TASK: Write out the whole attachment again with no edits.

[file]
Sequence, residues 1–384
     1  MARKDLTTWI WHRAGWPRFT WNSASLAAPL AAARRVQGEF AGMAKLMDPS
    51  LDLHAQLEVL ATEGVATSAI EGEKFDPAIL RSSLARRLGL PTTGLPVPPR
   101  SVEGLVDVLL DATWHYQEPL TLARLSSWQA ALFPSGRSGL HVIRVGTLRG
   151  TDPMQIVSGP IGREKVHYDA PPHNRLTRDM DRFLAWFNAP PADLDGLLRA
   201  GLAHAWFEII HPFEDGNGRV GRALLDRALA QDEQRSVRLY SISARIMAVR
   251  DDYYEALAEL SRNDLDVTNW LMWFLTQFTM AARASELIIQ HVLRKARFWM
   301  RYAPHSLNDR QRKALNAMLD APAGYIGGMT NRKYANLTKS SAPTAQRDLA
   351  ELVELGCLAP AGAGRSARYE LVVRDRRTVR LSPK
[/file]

Sequence, residues 1–384
     1  MARKDLTTWI WHRAGWPRFT WNSASLAAPL AAARRVQGEF AGMAKLMDPS
    51  LDLHAQLEVL ATEGVATSAI EGEKFDPAIL RSSLARRLGL PTTGLPVPPR
   101  SVEGLVDVLL DATWHYQEPL TLARLSSWQA ALFPSGRSGL HVIRVGTLRG
   151  TDPMQIVSGP IGREKVHYDA PPHNRLTRDM DRFLAWFNAP PADLDGLLRA
   201  GLAHAWFEII HPFEDGNGRV GRALLDRALA QDEQRSVRLY SISARIMAVR
   251  DDYYEALAEL SRNDLDVTNW LMWFLTQFTM AARASELIIQ HVLRKARFWM
   301  RYAPHSLNDR QRKALNAMLD APAGYIGGMT NRKYANLTKS SAPTAQRDLA
   351  ELVELGCLAP AGAGRSARYE LVVRDRRTVR LSPK